“Here are two things that have helped me when I feel depleted or confused, which is often. One: I find that ideas like to come when they’re most inconvenient. So I daydream my way through situations where writing is impossible. In the shower. While dog-walking. On the subway. I don’t rush out of that situation to write anything down—I just let my mind go, fabricating and wandering, until the end of the day, when I make a record of where my thoughts have gone. It gives me material to start with the next morning.
In this online exclusive we ask authors to share books, art, music, writing prompts, films—anything and everything—that has inspired them in their writing. We see this as a place for writers to turn to for ideas that will help feed their creative process.
“There are all the usual catalytic suspects—music, especially—but once in a while I hit upon a new comedic genius who makes me want to duplicate his or her efforts somehow.
“I affectionately refer to my writer’s-little-helper as ‘the green book,’ but it’s actually called The Modern Library’s Writer’s Workshop. I've gifted this wonder of a book, which is less a writing manual and more of a spirit guide, to many of my writer friends and they’ve all been equally captivated and enriched by the author’s wise, old soul voice.
“I recommend dipping salted almonds (not smokehouse almonds, just dried, salted almonds) into Nutella hazelnut spread and eating them like that. I tried this for the first time yesterday, and it was delicious. My best friend from growing up is Sicilian, and his grandmother used to tell him that he should eat three almonds every day—exactly three, no-more-no-less—because it would make him smarter. (I picture her covering one eye and spitting at the ground.) I know it sounds nuts.
“I keep going back to Flannery O’Connor’s quote: ‘The beginning of human knowledge is through the senses, and the fiction writer begins where the human perception begins. He appeals through the senses, and you cannot appeal through the senses with abstractions.’ An exercise that I often give my fiction students (because it works for me) is to jot down the five senses on a piece of paper, then go for a walk and collect as many details as I can that correspond to sight, smell, taste, touch, and sound. The second part of the assignment is that during this walk, there’s no talking allowed.
“I write in the mornings. Pre-breakfast, post-sending kids off to school. Just me and my computer on the porch, a cup of instant coffee and sad to say, the odd cigarette. I’m very particular about the mug I choose for my coffee—it seems to forecast the writing mood I’m in that day.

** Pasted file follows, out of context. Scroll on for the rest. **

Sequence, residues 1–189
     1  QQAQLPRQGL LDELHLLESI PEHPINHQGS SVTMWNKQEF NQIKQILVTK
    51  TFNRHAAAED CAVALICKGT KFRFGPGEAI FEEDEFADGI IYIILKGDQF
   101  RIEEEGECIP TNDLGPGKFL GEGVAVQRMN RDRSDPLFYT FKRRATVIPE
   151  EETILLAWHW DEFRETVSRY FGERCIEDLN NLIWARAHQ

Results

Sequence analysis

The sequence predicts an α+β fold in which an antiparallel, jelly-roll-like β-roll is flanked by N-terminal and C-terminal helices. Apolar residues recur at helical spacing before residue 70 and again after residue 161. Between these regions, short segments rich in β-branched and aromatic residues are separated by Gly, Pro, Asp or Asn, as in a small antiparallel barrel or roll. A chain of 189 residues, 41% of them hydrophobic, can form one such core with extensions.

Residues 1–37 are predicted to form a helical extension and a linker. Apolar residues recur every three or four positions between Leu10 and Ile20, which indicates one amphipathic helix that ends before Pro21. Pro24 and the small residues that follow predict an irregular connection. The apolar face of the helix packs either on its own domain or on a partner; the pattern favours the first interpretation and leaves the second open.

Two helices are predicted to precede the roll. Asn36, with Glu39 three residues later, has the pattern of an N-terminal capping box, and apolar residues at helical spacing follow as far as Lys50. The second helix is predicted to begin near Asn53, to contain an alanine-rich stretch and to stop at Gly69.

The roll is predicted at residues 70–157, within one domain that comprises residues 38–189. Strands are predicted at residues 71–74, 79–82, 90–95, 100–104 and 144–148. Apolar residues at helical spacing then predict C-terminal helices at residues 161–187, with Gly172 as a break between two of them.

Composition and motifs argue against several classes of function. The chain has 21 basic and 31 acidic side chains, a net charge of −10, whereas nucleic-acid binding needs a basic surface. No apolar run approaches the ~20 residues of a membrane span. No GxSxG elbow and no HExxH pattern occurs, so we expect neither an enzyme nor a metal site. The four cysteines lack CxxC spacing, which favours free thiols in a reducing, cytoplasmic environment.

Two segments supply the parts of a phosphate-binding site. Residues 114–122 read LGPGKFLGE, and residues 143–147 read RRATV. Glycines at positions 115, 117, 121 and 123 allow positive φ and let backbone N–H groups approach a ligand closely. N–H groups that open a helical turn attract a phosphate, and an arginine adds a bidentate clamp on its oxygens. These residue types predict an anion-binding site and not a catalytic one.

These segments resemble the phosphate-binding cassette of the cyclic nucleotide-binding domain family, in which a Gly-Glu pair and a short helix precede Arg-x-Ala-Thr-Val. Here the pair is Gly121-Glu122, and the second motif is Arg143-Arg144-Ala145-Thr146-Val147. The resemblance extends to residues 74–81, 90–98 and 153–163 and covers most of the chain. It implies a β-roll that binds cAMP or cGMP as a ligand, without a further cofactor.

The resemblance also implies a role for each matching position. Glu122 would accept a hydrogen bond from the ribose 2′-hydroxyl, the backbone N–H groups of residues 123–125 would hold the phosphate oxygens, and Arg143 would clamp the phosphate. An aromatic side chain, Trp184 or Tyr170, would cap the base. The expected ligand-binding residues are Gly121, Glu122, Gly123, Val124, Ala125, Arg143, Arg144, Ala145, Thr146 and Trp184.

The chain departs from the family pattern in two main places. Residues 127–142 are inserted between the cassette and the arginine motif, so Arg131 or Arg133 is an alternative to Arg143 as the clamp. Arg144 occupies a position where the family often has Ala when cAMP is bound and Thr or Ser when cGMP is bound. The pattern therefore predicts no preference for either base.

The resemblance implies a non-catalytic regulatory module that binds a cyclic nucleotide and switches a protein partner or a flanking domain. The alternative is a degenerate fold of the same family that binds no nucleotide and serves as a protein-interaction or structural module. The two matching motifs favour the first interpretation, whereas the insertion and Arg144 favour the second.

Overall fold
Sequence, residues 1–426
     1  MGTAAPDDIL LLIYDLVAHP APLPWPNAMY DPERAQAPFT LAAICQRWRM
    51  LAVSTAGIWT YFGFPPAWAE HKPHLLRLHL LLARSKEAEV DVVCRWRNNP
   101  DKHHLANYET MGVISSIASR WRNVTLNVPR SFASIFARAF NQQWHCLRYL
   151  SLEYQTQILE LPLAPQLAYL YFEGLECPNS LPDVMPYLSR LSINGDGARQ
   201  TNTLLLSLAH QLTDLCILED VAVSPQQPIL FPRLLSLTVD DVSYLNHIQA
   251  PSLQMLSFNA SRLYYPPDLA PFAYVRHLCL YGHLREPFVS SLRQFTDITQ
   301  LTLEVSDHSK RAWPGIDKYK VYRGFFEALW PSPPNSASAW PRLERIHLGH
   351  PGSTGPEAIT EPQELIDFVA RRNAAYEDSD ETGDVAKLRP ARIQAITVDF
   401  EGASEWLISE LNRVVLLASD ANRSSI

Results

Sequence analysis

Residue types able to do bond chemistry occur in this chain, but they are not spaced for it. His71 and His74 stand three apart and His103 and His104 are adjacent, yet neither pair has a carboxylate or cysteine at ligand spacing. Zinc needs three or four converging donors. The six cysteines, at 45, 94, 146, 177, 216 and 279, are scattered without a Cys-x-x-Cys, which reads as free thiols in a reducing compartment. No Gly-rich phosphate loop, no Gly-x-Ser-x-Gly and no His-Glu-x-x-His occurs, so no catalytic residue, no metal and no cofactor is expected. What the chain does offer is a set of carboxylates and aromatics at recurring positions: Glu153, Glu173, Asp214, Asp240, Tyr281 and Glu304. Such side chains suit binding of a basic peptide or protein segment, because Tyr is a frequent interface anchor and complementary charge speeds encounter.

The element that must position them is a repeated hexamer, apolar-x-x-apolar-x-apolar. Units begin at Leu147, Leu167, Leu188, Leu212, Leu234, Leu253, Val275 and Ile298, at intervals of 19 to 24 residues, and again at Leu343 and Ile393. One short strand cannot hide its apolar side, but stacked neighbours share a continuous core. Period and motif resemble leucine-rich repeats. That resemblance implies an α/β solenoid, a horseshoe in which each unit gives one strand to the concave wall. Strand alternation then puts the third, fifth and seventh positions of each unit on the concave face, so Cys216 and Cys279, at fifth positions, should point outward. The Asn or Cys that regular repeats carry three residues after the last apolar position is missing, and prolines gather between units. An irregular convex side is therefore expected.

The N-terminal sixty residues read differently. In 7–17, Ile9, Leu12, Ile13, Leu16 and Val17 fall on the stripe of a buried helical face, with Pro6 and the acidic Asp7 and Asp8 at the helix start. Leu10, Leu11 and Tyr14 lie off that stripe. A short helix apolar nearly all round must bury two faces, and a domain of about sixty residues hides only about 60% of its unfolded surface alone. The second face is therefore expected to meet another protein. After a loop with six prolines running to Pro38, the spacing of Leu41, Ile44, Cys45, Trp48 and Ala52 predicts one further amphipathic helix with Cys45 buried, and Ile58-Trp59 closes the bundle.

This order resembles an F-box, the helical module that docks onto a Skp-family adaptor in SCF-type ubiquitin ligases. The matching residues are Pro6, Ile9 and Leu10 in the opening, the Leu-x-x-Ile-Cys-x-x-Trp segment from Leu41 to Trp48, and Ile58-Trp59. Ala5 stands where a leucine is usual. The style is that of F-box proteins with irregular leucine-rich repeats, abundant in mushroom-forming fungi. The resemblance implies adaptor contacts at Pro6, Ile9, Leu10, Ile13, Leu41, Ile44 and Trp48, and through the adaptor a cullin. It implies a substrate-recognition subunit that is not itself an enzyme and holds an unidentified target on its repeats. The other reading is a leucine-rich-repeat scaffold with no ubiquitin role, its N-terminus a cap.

“This is going to sound very meta, but when I need a kick in the pants I like to read author interviews. There’s nothing more inspiring to me than eavesdropping on another writer talking shop. Writing books is oftentimes a solitary, lonely process. Authors discussing their own processes gives me a sense of connectedness to a larger community that extends hundreds of years into the past. It’s helpful to know you’re not alone.
“I feel very boring admitting that my biggest inspiration for writing novels is reading…novels. I spent four and a half years working on what will be my first published (and second completed) novel. During that time, I developed a habit of turning to Richard Yates’s Revolutionary Road and The Corrections by Jonathan Franzen.
“Is it old fashioned to recommend love as a writing prescription? I could say a lot about the mind-quieting effects of long-distance running, regular meditation, and a well-crafted soundtrack, but what about the mind-blooming madness of love? I’m talking about the crazy kind, not the long-suffering wife who silently delivers tea to your desk and keeps your calendar. I’m talking about a heart torn open, in falling, in breaking, in longing, in pining, in mid-swoon mania. A little mania has always done wonders for artists, in work if not in life.
"I'm an extrovert. I talk to strangers at Target, to telemarketers too. When I can't find an actual person I turn to Twitter. When the Wi-Fi’s down, I watch TV. I live for voices. Of course, as a writer I need silence, so I impose it on myself. I take long walks, aimless drives. But when the walk turns into a neighborly chat or the drive ends in a flat tire, I come home and shower until the water runs out. And that is where I do my best work, where I puzzle out characters and timelines. Where nothing can reach me, no phone, no e-mail.